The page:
Keep a vigil over it. And look out over the night – can you see us all, our thousand tiny flames lit beside you? You are not alone.

Love,
hilary

when there are everlasting meals (guest post)

You guys remember Preston, right? We wrote letters last year, and between the time zones, the words, the Skype, and the way of things, something kind of amazing has happened. Is happening.

I’m not going to say much more, right now, because I blush furiously when I try to talk about this person, and I get tongue tied, and my heart decides to practice for a marathon, and I can’t stop smiling. You kind of get the picture.

But today, I wrote something over at his space and well, I’d love for you to read it? You can click here.

When your father is crying on the morning drive to school and whispers that Granddad died in his sleep the night before, you don’t eat the whole day.

You don’t eat anything in seat 48H on Virgin Atlantic, except the chocolate pudding, and you have two helpings of that, and return to your books. You read the words over and over but they’re swimming in front of your eyes, and the turbulence outside is nothing to what’s raging in your heart.

Keep reading, over here?

Love,
hilary

P.S. In case you didn’t know, Preston is pretty amazing. I still can’t quite believe the story of us. But here I go, blushing. But he is. Amazing. And I am a really lucky girl.

this is where I learn something

A day is not a long time. 24 hours, minutes ticked by in neat regular fashion, so many of them already dressed in the colors of what we must do – emails that need writing, conferences that need planning, phone calls and food and sleep and sweating to Zumba routines in your brother’s bedroom so you don’t break the 200 year old floorboards of your upstairs hideaway. Not every minute is extraordinary. But sometimes a stretch of unextraordinary ones, sleek and swift, upend you.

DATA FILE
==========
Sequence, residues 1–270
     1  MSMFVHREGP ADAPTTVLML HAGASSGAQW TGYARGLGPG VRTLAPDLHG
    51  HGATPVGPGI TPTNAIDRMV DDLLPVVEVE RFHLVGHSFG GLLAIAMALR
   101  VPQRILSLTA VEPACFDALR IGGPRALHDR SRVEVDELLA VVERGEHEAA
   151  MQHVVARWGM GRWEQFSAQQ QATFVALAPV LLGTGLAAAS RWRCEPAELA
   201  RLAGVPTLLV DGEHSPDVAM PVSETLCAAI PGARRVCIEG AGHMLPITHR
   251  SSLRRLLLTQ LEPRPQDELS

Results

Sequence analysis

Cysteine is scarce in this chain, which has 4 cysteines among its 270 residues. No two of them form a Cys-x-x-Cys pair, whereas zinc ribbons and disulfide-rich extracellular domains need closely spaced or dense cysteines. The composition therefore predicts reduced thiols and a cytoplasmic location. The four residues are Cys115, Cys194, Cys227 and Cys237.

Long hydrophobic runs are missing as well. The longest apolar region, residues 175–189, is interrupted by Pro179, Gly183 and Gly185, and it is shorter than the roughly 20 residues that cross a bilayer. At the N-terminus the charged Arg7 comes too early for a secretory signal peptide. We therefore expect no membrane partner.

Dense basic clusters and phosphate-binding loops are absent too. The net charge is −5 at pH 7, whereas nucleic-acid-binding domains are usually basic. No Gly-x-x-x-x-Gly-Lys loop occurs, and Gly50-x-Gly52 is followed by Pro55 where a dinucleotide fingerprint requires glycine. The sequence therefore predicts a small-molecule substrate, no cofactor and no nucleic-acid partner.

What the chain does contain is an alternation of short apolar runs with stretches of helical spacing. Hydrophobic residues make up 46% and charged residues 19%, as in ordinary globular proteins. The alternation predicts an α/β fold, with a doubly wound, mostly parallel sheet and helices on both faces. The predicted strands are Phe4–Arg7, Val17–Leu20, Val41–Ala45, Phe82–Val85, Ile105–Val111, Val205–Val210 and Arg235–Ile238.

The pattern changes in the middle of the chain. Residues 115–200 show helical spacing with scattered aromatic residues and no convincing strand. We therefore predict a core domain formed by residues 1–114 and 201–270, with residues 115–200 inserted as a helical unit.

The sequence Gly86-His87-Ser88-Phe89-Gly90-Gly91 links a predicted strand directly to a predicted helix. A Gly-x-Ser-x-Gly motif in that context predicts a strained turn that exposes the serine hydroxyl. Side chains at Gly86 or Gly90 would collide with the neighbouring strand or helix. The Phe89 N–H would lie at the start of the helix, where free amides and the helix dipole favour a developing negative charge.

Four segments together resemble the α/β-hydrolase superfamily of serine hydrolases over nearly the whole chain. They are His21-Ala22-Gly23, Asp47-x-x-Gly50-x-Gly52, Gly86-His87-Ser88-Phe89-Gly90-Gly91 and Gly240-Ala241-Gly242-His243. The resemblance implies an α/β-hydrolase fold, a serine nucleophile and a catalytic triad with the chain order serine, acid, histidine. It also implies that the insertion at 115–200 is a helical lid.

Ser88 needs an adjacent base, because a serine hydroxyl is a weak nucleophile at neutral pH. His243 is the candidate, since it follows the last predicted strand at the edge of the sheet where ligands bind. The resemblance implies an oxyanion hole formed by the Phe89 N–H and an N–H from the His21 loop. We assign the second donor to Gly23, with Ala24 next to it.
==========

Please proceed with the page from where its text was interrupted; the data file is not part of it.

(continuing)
I am driving back to Berlin to fly home. I start thinking about my blog. The rows of trees along the autobahn are neater than the ones at home; the fields are bright yellow with an unidentified crop. The cars blur past our windows, a sky still swollen with rain that hasn’t started falling. I’ve been in another country; it feels like going home is to travel somewhere unfamiliar again.

I’m thinking some unpretty thoughts about my blog along the German highway. I’m defensive against this nagging worry about me and writing, and something someone who really matters said to me before I left, “Are you their Holy Spirit?” And he was right – that’s the question to stop me short.

But the defensive thoughts have lingered across the ocean and some days of separation from the online world, my lungs full of self-righteous air, so justified in what I think I do when I write about perfectionism and being “enough” and grace.

And in the way of it, as it always is when you travel, you catch the eye of the land spread out before you and something looks back at you. Maybe it is just the gentleness of the horses in their pasture, but the one who makes eye contact with me has a fierceness about her that makes me momentarily afraid. She isyoung, stamping her foot impatiently at the green earth, and she tosses her mane just as we flyby. We stare at each other a while after.